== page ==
A bong is a filtration device that is used for smoking various herbs or tobacco. It consists of a bowl and a stem that guide the smoke through water, creating bubbles and cooling the smoke before it is inhaled. Bongs are popular among smokers who enjoy smooth and flavorful hits, but have you ever wondered who invented the bong and how it came to be?
The history of the bong is not very clear, as different cultures and regions have used similar devices for centuries. However, some archaeological evidence and historical records can shed some light on the origins and evolution of the bong.
The Ancient Bongs
One of the earliest known examples of a bong-like device dates back to around 400 BC, when Scythian tribal chiefs in what is now Russia used solid gold vessels to smoke herbs and opium. These vessels were discovered in 2013 during an excavation of a kurgan, a type of burial mound. The vessels had a hole on the top for placing the herbs, and a tube on the side for inhaling the smoke. The vessels also had intricate decorations and symbols, indicating their importance and prestige.
Another ancient culture that used water pipes was Africa, where several tribes made bongs out of gourds, horns, or coals. One of the oldest bongs found in Africa dates back to the 16th century and was made using a bottle buried in the ground with lit coals inside, and herbs placed on top of the coals. The smoke would then travel through a tube to a mouthpiece.
In Asia, water pipes were also widely used, especially in India, China, and Thailand. Some historians credit Hakim Abul Fath, a physician in India during the reign of Emperor Akbar in the 16th century, as the inventor of the water pipe. He suggested that tobacco smoke should be passed through water to make it less harmful.
In China, water pipes became popular during the Qing Dynasty (1644-1912), when tobacco was introduced through Persia and the Silk Road. Water pipes were preferred by both commoners and royalty, as they were seen as more elegant and refined than other methods of smoking. Empress Dowager Cixi, for example, was buried with several water pipes when she died in 1908.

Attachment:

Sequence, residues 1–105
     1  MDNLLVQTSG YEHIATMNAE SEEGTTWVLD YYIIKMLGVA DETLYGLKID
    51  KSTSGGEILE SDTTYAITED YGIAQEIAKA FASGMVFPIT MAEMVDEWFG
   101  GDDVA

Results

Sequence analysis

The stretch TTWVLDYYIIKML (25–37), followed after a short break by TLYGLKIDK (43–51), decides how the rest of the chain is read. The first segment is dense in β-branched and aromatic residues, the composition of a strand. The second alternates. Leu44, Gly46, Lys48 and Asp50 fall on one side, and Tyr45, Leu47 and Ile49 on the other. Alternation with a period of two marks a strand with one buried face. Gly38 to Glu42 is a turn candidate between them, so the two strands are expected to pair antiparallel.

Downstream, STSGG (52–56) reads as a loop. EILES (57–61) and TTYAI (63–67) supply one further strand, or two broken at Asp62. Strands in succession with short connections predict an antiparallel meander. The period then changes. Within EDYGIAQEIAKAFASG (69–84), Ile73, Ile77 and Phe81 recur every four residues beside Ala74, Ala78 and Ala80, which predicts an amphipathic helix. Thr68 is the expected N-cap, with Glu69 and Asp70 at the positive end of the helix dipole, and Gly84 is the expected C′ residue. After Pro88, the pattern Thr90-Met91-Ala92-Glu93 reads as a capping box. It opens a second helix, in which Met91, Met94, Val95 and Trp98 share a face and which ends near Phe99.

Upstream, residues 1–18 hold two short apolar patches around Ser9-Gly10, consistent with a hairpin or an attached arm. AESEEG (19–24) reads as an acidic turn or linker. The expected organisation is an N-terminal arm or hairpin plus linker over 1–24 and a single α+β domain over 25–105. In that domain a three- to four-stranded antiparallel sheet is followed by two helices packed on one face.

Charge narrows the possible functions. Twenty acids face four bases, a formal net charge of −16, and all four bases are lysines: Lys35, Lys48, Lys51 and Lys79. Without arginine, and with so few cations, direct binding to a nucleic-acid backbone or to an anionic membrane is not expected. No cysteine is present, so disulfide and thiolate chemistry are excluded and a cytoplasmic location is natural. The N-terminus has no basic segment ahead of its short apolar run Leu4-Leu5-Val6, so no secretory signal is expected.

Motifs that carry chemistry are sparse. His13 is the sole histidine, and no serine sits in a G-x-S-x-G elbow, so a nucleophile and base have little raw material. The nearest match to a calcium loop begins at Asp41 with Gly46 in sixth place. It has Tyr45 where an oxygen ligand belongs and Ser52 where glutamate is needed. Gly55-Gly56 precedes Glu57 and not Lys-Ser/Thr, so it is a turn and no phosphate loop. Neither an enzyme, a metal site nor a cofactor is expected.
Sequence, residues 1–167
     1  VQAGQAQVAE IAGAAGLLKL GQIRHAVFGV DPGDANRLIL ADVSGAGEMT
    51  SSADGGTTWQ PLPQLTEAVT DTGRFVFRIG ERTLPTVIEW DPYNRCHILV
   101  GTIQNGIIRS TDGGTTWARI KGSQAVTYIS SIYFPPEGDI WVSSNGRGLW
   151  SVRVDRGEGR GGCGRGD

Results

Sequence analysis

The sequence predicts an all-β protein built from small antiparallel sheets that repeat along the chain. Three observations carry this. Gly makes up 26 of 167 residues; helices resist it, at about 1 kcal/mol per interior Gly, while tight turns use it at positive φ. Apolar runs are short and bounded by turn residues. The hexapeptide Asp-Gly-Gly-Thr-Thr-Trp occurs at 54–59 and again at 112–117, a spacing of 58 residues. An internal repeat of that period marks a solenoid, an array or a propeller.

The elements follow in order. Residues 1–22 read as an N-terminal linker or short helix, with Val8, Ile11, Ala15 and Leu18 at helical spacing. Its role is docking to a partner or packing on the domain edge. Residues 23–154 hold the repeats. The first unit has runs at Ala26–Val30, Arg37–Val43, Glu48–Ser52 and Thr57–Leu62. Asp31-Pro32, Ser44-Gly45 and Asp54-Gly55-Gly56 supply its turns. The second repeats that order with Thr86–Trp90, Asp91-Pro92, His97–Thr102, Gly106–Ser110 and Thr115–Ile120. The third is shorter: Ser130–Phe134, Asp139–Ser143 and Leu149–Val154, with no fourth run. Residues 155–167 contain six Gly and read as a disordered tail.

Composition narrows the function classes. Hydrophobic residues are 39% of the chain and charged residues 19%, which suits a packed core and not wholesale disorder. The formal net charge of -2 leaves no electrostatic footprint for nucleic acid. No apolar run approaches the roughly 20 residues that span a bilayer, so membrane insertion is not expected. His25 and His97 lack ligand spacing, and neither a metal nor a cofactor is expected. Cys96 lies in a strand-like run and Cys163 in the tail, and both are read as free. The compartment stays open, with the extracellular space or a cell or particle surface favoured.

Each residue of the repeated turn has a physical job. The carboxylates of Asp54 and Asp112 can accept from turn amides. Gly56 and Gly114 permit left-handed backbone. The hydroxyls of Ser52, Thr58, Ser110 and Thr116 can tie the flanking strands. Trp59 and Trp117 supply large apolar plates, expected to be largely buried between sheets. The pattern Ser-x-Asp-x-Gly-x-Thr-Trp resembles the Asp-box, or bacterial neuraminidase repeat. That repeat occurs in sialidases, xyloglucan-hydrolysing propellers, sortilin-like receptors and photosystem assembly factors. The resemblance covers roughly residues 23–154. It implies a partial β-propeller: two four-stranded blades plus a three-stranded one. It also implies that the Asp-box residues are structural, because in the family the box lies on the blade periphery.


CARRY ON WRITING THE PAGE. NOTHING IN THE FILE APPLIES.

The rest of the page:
In Thailand, water pipes were made from bamboo and called “buang” or “baung”. This is where the English word “bong” comes from, as it was adapted by Western travelers who encountered these devices in the 19th and 20th centuries.
The Modern Bongs
The bong as we know it today was largely influenced by Bob Snodgrass, an American glassblower who pioneered the art of making glass bongs in the 1960s and 1970s. He invented the fuming technique that gives glass bongs their characteristic psychedelic colors and patterns. He also experimented with different shapes, sizes, and features, such as percolators, ice catchers, and carburetors. His bongs appealed to a wide range of smokers who enjoyed their aesthetics and functionality.
However, the popularity of glass bongs was disrupted by U.S. laws that passed in 2003, which made the sale and transport of “drug paraphernalia” illegal. Many shops were shut down and online sales plummeted. As a result, glass bongs became more scarce and expensive, while other materials such as silicone, metal, or wood became more common.
Today, there are many types of bongs available for every taste and budget. Some are inspired by ancient designs or exotic cultures, while others are innovative and futuristic. Some are simple and practical, while others are elaborate and artistic. Some are cheap and disposable, while others are expensive and collectible. Whatever your preference, there is a bong out there for you.
The bong is a fascinating device that has a long and rich history across different continents and civilizations. It has evolved from crude smoking devices made from natural materials to sophisticated glass artworks that showcase craftsmanship and creativity. It has been used by kings and queens as well as peasants and hippies. It has been banned and persecuted as well as celebrated and admired. It has been a source of pleasure and relaxation as well as controversy and debate.
The bong is more than just a smoking device; it is a cultural icon that reflects the diversity and complexity of human history and society.